After the keynote, everyone headed off to sessions, labs and the Solutions Exchange. I had judging duty that day as part of the Best of VMworld awards, so much of my day was spent visiting vendors and finding out about their products so I had enough information to choose a winner for the category that I was assigned (security and virtualization). I did attend a press-only Q&A session with Maritz. To be honest, none of the questions were that great, but some good information did came out of the session.
Someone asked if vCenter Server would support other hypervisors like Microsoft is doing with Systems Center supporting ESX. Maritz's answer was no; VMware is committed to focusing on only its own product because this is what VMware's customers want. Someone else asked if VMware was concerned with competition from Microsoft and Citrix. Maritz answered that VMware is way ahead of its competitors, but it does take them seriously. Finally, someone asked what VMware if it was going to give Live Migration away for free since Microsoft is giving its version away for free. Maritz responded that Microsoft's Live Migration is not really free since you need to purchase its management application to use it.
Tuesday evening: Networking and vendor dinners
Once we completed the Best of VMworld interviews, all the judges gathered in a room to deliberate about the winners for each category and a single Best of Show winner. This took several hours. I later attended one of the many vendor dinner parties, which all seem to fall on Tuesday, while Monday is the welcome reception, and Wednesday is the VMworld party. I chose the Tripwire party and had a great dinner with Tom Howarth, Joep Piscar and Steve Beaver. I was also able to meet in person Gene Kim, Karen Hepner and Matt Hixson from Tripwire for the first time. Vendor dinners at VMworld are typically social events and not really used to try and sell products and services, so we had a lot of good table talk on both virtualization and nonvirtualization topics.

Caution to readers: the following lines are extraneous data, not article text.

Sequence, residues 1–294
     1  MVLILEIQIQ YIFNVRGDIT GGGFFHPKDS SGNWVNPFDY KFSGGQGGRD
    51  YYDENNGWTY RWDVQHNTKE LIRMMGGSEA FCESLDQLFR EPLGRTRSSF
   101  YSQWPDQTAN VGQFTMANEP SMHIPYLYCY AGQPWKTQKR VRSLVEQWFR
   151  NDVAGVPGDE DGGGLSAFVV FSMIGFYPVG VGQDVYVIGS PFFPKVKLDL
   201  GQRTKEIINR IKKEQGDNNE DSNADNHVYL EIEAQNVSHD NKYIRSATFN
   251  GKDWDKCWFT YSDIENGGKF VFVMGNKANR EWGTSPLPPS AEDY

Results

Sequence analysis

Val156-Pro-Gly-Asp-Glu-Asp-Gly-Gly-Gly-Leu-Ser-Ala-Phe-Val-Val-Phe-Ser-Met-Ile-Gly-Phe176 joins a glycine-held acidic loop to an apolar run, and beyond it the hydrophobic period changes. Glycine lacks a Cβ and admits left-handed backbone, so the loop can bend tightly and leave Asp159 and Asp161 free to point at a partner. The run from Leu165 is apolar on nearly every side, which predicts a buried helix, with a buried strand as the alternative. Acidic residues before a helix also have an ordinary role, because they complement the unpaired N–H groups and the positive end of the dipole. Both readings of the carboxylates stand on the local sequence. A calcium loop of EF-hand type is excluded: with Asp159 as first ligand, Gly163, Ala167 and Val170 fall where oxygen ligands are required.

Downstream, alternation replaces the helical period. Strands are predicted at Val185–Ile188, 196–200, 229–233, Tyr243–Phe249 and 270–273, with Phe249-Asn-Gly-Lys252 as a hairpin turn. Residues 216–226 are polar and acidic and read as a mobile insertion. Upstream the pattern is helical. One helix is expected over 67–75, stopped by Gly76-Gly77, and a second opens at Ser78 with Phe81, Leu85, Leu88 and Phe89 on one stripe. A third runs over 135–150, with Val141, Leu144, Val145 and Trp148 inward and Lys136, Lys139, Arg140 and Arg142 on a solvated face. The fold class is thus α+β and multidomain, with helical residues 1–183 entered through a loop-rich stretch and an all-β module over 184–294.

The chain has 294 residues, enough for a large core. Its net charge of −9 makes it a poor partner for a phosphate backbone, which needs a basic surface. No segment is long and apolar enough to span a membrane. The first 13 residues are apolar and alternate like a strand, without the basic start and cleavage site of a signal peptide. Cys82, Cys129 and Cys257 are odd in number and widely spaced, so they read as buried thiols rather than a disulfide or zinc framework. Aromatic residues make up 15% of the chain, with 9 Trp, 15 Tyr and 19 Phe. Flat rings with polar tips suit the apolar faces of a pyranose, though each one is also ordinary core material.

Afterwards, we headed back to the Thirsty Bear for the big Veeam party, I got a chance to talk to Doug Hazelman and David Siles for a while and find out more about Veeam and its products. Veeam's employees' passion for its products and virtualization really shows and explains why Veeam is such a successful company. Finally, we ended up at the lobby bar at the Marriott where we ran into more Twitter folks like Steve Foskett and Dave Graham.
Wednesday: VMware CTO keynote, Virtual Profiles for VMware View, PC-over-IP
Wednesday was CTO Stephen Herrod's keynote, which is always more technical than the previous day's keynote. He started off talking about the desktop virtualization space and how VMware has signed an agreement with RTO Software to put RTO's Virtual Profiles product in VMware View. This basically takes the user configuration and personalization out of the operating system and stores it in a virtual profile to help lower desktop management costs and provide a consistent user experience.
Herrod also spoke about VMware's integration of Teradici's PC-over-IP product . This partnership was announced at VMworld last year and will finally be included in the next release of VMware View, which is expected to ship later this year. VMware's bare-metal hypervisor for desktop clients and its Mobile Virtualization Platform (MVP) were covered next. Both of these products have some challenges ahead of them, are still in development and will not be seen until next year at the earliest.
Long-distance VMotion, I/O Distributed Resource Scheduler, vCenter ConfigControl
Two topics covered that VMware admins could really appreciate were long-distance VMotion and I/O Distributed Resource Scheduler (DRS).